credence to the idea that this is part of a bigger plan around which he
has been conspiring with others.

Presenting Baduel as separate from the thoroughly discredited old
opposition forces, the aim is to win over a section of Chavismo that,
while supporting Chavez, is not convinced, or is opposed to, the
reforms and would prefer to abstain rather than support the opposition.
However, Baduel’s mimicking of opposition catch-phrases, such as
“constitutional coup”, have undermined this attempt.

Although the full impact of this fracturing of Chavismo is yet to
be seen, it no doubt will have a greater impact than previous splits,
including by Podemos. Baduel was widely seen as a real hero of the
revolution, and many in the civilian left had worked closely with him
in strengthening organisational bonds with sections of the military
around the time of the coup. He continues to proclaim his adherence to
“Bolivarianism” (while rejecting its radical aspects), giving him more
potential than the existing opposition to draw behind him sectors of
Chavismo.

Chavez revealed that in the lead-up to the presidential elections
last year, some Chavistas were campaigning to make Baduel
vice-president. This year, Baduel began to express publicly some
disagreements with aspects of the Bolivarian revolution, raising doubts
over what kind of socialism was being built and defending the need for
a “professional” standing army in counter-position to the proposed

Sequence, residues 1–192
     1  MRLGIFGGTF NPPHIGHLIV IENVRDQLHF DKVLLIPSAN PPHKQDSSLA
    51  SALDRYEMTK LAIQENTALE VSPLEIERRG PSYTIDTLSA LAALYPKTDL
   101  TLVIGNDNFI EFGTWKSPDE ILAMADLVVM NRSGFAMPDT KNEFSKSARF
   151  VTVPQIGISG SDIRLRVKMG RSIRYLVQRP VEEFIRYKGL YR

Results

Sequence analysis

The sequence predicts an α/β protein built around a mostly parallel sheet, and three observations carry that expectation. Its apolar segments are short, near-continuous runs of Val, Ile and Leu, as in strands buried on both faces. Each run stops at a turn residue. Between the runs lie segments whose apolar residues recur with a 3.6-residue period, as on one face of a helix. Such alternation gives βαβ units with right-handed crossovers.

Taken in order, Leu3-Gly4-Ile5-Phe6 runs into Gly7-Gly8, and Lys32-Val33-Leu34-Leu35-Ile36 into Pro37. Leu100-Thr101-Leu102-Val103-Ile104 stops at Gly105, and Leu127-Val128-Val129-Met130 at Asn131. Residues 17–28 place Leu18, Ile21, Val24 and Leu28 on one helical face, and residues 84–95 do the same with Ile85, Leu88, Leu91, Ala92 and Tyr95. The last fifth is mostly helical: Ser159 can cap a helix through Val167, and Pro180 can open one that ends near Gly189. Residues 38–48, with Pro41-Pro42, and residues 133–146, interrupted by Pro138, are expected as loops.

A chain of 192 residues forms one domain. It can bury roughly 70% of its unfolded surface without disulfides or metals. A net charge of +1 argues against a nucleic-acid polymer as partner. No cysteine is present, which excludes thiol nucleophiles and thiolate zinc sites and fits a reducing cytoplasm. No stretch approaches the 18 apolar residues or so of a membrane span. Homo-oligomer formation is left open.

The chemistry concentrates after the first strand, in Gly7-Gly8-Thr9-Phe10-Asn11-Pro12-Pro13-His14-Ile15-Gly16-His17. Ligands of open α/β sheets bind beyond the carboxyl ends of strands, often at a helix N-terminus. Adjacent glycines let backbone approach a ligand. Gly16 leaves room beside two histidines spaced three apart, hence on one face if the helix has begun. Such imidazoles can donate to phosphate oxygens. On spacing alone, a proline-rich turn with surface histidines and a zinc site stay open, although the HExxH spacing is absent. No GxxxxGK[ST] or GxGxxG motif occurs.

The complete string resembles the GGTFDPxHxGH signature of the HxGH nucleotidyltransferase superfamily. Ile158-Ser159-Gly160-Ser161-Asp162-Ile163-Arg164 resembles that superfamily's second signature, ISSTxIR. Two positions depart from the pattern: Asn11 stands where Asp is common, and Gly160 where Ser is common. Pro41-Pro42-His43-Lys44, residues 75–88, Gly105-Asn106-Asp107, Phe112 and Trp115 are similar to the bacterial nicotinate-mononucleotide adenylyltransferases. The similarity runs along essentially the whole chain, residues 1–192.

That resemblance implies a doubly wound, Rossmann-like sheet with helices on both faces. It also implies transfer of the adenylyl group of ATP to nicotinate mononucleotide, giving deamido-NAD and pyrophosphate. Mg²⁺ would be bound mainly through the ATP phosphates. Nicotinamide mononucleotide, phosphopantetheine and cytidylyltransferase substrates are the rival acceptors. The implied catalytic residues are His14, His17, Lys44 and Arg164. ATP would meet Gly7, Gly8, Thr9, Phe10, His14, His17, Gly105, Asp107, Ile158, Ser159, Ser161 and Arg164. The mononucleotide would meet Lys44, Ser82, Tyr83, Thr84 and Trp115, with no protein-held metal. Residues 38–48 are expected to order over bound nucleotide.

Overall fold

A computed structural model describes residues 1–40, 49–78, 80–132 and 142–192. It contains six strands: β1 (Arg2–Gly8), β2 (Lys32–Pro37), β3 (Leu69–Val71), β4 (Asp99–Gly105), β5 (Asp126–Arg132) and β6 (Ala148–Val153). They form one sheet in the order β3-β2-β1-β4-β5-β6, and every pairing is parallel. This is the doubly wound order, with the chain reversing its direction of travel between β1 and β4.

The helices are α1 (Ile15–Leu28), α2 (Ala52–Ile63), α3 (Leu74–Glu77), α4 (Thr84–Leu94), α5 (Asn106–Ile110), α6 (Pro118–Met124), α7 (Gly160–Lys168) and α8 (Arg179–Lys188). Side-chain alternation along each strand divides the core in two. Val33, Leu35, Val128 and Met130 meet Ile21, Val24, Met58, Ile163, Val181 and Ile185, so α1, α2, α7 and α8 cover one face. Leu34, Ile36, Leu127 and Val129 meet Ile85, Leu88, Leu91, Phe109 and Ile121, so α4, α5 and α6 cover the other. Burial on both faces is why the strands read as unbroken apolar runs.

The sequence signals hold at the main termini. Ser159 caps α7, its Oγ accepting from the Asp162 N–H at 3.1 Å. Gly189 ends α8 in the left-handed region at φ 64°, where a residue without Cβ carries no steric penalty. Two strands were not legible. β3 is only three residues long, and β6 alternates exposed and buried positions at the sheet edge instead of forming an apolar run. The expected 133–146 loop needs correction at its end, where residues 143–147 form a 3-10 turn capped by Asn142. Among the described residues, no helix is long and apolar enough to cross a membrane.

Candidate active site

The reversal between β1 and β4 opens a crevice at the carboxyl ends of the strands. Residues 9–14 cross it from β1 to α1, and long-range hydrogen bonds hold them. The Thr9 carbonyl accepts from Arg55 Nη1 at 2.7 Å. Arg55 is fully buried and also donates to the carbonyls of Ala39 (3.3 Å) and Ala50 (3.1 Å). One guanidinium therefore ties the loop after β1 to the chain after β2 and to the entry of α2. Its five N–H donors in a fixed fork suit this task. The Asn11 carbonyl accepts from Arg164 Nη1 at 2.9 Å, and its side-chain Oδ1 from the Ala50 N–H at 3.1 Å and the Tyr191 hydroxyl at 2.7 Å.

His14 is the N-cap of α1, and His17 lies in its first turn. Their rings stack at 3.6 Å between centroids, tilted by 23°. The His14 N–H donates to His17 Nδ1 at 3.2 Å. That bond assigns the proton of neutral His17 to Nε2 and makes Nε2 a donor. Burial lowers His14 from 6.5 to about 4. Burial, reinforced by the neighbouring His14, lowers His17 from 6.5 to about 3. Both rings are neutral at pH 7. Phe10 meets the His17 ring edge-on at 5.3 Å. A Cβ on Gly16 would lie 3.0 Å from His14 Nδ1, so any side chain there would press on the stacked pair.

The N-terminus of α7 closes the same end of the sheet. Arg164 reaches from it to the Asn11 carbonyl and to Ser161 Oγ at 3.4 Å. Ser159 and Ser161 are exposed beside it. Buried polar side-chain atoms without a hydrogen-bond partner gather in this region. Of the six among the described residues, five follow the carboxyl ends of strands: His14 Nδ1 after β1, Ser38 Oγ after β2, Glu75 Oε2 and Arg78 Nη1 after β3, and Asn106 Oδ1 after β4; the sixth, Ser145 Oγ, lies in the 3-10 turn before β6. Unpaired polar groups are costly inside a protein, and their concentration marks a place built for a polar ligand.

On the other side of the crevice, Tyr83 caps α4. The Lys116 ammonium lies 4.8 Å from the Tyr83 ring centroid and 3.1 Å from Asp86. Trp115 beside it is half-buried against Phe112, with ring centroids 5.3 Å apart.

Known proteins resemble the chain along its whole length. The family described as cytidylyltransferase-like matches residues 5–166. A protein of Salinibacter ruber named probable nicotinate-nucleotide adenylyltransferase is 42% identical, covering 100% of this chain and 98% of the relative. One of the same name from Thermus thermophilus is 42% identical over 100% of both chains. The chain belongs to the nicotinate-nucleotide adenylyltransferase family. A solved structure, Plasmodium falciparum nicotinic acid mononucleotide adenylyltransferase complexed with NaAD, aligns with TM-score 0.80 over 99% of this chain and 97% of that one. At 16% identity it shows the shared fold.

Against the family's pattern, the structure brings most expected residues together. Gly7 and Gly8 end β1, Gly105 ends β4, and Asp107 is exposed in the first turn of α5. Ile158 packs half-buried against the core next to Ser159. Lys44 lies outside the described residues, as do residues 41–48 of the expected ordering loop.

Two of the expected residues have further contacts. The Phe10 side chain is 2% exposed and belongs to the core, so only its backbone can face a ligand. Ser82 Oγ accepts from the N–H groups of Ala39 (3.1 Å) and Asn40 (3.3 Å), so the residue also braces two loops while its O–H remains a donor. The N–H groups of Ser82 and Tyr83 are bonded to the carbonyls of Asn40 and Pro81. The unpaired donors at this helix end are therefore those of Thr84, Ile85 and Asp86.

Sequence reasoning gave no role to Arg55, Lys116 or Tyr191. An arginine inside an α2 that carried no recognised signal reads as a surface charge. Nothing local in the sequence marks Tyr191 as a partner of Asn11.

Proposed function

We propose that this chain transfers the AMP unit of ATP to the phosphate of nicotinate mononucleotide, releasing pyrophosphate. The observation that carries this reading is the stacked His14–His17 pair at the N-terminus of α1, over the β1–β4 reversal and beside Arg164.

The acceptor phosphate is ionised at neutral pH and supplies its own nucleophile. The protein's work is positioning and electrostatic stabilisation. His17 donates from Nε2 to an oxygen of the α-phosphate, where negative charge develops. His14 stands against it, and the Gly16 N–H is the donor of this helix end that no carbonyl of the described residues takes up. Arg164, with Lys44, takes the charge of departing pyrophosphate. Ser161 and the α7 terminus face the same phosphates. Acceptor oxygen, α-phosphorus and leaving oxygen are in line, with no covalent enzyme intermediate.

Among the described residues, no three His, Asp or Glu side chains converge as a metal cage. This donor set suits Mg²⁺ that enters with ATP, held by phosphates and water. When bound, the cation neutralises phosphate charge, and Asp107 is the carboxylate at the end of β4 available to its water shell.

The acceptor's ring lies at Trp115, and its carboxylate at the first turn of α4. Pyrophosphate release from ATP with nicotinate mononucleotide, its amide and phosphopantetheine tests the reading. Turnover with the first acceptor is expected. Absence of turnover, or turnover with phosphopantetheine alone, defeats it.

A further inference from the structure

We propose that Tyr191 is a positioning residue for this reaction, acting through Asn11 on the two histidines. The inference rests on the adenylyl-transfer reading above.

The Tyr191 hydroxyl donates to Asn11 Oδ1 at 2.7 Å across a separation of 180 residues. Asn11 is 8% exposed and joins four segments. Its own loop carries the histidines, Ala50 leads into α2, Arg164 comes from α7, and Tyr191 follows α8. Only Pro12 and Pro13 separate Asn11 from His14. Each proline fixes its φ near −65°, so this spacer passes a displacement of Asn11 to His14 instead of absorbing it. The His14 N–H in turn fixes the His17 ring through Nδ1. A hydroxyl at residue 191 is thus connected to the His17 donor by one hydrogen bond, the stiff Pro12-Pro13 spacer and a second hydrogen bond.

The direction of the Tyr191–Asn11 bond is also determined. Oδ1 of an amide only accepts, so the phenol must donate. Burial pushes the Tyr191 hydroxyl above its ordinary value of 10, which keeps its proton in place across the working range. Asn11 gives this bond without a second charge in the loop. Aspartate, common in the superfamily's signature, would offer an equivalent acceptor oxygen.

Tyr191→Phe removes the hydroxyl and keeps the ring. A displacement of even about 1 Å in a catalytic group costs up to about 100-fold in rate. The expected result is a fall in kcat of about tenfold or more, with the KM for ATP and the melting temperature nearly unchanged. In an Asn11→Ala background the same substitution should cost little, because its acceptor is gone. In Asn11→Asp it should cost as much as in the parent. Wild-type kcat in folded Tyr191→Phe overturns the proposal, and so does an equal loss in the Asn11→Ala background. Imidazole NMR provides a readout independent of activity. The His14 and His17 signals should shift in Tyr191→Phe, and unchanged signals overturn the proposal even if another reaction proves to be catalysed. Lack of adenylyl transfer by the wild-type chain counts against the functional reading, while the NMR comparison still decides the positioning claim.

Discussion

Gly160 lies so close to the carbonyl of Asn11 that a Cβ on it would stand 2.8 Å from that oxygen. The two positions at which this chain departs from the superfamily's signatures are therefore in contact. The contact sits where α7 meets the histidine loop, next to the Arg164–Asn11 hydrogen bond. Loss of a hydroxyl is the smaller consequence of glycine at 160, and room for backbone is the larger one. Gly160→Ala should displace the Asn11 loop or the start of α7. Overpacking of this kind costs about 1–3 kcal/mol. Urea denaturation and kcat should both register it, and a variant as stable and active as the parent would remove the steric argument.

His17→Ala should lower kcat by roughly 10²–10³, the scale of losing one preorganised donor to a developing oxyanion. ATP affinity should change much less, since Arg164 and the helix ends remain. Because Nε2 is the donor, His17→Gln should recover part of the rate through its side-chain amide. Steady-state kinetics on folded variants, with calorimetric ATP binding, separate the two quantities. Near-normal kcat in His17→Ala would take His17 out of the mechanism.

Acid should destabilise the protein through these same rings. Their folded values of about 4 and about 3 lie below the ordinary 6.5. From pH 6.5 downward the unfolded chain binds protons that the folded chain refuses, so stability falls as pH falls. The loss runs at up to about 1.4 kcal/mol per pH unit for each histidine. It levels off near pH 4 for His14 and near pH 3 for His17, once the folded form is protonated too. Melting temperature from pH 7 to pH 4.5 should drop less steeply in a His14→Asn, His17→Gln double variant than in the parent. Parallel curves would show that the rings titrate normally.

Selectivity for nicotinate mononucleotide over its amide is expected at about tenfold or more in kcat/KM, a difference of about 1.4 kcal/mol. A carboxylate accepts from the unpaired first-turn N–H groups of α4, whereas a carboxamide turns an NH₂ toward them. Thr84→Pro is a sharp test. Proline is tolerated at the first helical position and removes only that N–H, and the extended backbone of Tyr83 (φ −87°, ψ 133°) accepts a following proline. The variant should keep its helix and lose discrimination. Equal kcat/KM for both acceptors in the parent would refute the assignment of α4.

reform re-organising the reserves into a popular militias. Chavez
pointed out that behind all this are business interests and groups of
power, fearful of losing their privileges, and that it reflects the
ideological weakness of the revolution.

These points tend to point to the idea that Baduel’s defection,
carried out both in collaboration with the opposition and some of the
right-wing Chavista elements whose position is referred to as “Chavismo
without Chavez” hopes to take advantage of confusion amongst Chavista
ranks and conservative sections of the military. The aim is to crate a
counterweight to the radical course that Chavez, and the majority of
working people, seem determined to take. Part of the plan is to attempt
to slow the revolutionary process by arguing for negotiations with
“moderate” opposition sectors.

Baduel’s defection provides further evidence of a new campaign of
destabilisation that is being unleashed by the opposition — with the
backing of the US — which has so far failed in a number of attempts at
overthrowing the Chavez government and rolling back the gains of the
revolution.

The violent campaign by small groups of fascist students — with the
burning of buildings and vehicles, including that belonging to the
environment minister — continued the day after Baduel’s press
conference. The campaign has included a number of shootings on
university campuses. The national and international media have
attempted to portray the students as victims of a “dictatorship”,
either implying or outright lying that the shootings were carried out
by Chavista forces.

One example was a highly publicised shooting in the University of
Zulia on November 2 that was initially blamed on Chavista students.